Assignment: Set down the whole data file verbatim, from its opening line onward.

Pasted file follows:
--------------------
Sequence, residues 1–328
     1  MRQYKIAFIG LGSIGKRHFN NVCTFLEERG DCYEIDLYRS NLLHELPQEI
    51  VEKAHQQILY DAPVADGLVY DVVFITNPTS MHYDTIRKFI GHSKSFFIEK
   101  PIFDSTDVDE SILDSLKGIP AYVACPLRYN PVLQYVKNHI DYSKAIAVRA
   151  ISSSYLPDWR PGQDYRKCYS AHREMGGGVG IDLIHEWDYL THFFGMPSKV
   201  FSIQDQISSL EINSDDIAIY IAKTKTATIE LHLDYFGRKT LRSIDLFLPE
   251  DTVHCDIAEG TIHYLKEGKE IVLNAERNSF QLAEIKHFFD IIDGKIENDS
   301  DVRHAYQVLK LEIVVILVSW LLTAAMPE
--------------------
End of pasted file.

Sequence, residues 1–328
     1  MRQYKIAFIG LGSIGKRHFN NVCTFLEERG DCYEIDLYRS NLLHELPQEI
    51  VEKAHQQILY DAPVADGLVY DVVFITNPTS MHYDTIRKFI GHSKSFFIEK
   101  PIFDSTDVDE SILDSLKGIP AYVACPLRYN PVLQYVKNHI DYSKAIAVRA
   151  ISSSYLPDWR PGQDYRKCYS AHREMGGGVG IDLIHEWDYL THFFGMPSKV
   201  FSIQDQISSL EINSDDIAIY IAKTKTATIE LHLDYFGRKT LRSIDLFLPE
   251  DTVHCDIAEG TIHYLKEGKE IVLNAERNSF QLAEIKHFFD IIDGKIENDS
   301  DVRHAYQVLK LEIVVILVSW LLTAAMPE